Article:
Posts from June 2013
We are delighted to announce the publication of a new book by the IMCC’s Alexa Wright, Monstrosity: The Human Monster in Visual Culture, from I.B. Tauris.
From the ‘Monster of Ravenna’ to the ‘Elephant Man’, Myra Hindley and Ted Bundy, the visualization of ‘real’, human monsters has always played a part in how society sees itself. But what is the function of a monster? Why do we need to embody and represent what is monstrous? This book investigates the appearance of the human monster in Western culture, both historically and in our contemporary society. It argues that images of real (rather than fictional) human monsters help us both to identify and to interrogate what constitutes normality; we construct what is acceptable in humanity by depicting what is not quite acceptable.
There will be a drinks reception to celebrate the launch of Monstrosity on Wednesday 26 June, from 6.30-8.30, in the café at Toynbee Studios, 28 Commercial Street, London E16AB. RSVP to Naomi French at: email@example.com
Alex has also written a new piece for the IB Tauris blog. Read it here: http://theibtaurisblog.com/2013/06/25/facing-evil/
Iron Books: Poems of the Posthuman
Exhibition from July 5 – 31, 2013
The Gasoline Rooms, 300 Clare Street, London E2 9HD
Thirty metal poems that trace, photographically and textually, the posthuman condition. The works originate in instagram, shot and written instantly without editing. They are here transported onto metal books that oscillate between the monumental and the fleeting.
Andreas Philippopoulos-Mihalopoulos is Professor of Law and Theory at the University of Westminster and a member of the Advisory Board of the IMCC.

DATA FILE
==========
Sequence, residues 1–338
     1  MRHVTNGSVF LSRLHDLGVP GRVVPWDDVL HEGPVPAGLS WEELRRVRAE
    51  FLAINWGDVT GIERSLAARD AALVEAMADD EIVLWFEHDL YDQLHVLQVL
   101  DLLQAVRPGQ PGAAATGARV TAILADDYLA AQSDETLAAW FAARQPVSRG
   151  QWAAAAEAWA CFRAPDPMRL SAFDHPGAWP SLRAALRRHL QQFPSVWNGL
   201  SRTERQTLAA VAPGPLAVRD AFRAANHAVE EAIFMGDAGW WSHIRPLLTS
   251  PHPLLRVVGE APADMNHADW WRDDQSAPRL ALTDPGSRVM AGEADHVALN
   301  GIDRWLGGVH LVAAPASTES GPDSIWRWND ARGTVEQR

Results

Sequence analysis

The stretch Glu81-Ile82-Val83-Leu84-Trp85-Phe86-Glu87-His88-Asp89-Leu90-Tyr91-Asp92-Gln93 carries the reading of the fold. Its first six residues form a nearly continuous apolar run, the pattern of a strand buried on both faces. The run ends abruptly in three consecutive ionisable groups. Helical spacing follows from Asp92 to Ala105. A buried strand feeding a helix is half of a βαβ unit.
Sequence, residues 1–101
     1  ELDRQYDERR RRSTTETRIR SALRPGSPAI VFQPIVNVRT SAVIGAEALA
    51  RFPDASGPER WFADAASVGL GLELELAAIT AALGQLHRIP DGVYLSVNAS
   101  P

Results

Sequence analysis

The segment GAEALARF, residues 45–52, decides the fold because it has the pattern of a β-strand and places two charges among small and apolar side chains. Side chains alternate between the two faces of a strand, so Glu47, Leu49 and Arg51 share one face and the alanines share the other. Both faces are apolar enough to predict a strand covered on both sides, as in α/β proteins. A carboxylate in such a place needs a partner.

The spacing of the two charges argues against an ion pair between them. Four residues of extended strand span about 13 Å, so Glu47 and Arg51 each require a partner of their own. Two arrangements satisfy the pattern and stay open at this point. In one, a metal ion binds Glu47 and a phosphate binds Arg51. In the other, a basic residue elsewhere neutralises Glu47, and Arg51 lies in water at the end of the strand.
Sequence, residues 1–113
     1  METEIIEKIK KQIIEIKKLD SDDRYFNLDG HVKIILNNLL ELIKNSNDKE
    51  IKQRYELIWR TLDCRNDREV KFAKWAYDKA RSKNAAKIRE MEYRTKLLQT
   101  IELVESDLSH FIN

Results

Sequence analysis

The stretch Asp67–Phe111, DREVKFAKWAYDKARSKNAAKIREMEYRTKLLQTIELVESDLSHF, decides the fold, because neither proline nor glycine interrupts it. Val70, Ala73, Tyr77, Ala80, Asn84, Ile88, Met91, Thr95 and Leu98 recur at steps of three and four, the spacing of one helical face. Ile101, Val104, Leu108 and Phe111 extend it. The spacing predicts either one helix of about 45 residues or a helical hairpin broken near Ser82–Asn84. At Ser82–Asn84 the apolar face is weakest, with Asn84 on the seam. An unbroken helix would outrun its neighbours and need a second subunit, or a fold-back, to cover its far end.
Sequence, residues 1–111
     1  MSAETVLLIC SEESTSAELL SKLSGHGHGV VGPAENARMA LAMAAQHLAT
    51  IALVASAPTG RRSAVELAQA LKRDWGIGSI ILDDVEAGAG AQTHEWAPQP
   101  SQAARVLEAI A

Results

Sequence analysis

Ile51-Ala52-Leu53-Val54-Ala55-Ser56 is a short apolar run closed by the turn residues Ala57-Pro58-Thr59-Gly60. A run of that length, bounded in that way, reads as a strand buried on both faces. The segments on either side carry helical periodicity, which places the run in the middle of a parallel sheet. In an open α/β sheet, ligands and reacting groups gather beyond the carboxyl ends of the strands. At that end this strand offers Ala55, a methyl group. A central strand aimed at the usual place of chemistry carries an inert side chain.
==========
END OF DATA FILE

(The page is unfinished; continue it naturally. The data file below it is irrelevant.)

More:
Thursday 11 July, 7:00-9:00pm
Carroll / Fletcher, 56-57 Eastcastle Street, London W1W 8EQ
Our friends at Carroll / Fletcher, round the corner from our IMCC base, have announced their next reading group, Chapter 4: The Price of Sex, led by artist Lora Hristova on Thursday 11 July.
Chapter 4 leads on from Chapter 3: The Dialectics of Sex, that took radical feminist Shulasmith Firestone’s pioneering 1970’s text as it’s starting point, generating a lively debate led by Stella Sandford. With a focus on what twenty-first century suffragettes would fight for now, Chapter 4 explores the sex industry and sexual politics.
The reading for Chapter 4: The Price of Sex is on Hristova’s Tumblr – www.lorahri-priceofsex.tumblr.com where she asks What is the price of sex? What (and who) are we willing to sacrifice in the name of pleasure? How often is the need for physical release actually a desire for control and is having sex a human right? The discussion aims to navigate the territory of the sex industry; from its everyday reflections in heterosexual life to the heated debate around the legalisation of prostitution and the dark corners of human trafficking.